So, what does Claw Tower offer exactly? Epicurean Mass and Pierced by Cruel Winds (the order on the booklet seems to be wrong switching the titles of track 5 and 6) are earlier demo versions of songs that already appeared on the debut. And I must agree with the nice four page booklet included with the album: the vocals aren't nearly as good as those provided on the debut. And that's not the only problem, the production is also worse and they don't generally feel as complete as on the album. Two somewhat inferior versions of songs from the debut with other words. Still interesting for the die-hard fans to hear these versions. Also included is the demo from '99. Here's a surprise, the two songs Sons of Nature and Creation Through Death are less Doom Metal and has more of this NWOBHM influenced Heavy Metal going on. Not stellar masterpieces but again interesting for fans of the band. Then there's the cover of Quartz' song Stand Up and Fight which perhaps could explain the NWOBHM sound of the early demo. As almost always the case with cover songs: the original is superior. Besides these there's a "live" version of the song Unspeakable Truth, I prefer the version on the debut but this version gives evidence of the tight musicianship of the band. Furthermore, there's a re-recorded version of the demo song Creation Through Death. The last track is what the booklet calls an early incarnation of Epicurean Mass entitled Deity of Wrath, it has some interesting church chanting but it feels rather half-baked spinning only for ca 2 minutes (then there's silence for 4 minutes, after that follows a clip of 20 seconds from the earlier Quartz song plus some laughter) rendering the track more or less useless. As for new material, there's one song (the first track) called Claw Tower. The song is a solid piece of Traditional Doom similar to the style on the debut.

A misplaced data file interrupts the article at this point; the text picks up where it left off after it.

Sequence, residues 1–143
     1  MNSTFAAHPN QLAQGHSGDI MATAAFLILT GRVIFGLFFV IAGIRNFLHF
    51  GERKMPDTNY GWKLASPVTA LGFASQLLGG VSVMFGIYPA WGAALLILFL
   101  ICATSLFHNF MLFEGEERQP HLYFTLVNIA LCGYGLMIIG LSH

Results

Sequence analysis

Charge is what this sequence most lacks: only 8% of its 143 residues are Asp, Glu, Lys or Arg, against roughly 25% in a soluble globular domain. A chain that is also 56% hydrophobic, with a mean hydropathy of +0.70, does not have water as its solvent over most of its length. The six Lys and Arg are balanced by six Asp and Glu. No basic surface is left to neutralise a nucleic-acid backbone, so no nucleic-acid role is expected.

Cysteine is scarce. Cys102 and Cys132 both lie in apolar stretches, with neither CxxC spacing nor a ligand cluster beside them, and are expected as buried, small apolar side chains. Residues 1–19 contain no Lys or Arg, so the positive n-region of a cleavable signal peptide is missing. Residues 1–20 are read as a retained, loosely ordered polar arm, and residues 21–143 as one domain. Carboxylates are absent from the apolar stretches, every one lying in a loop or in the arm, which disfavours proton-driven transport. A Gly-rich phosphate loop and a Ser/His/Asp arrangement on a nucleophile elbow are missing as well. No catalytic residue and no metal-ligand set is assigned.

For die-hard fans of the band it's worth to pick up this compilation to hear the '99 demo and the new track. Others should acquire Orodruin's debut instead.

(Originally written for under the moniker KingBizarre)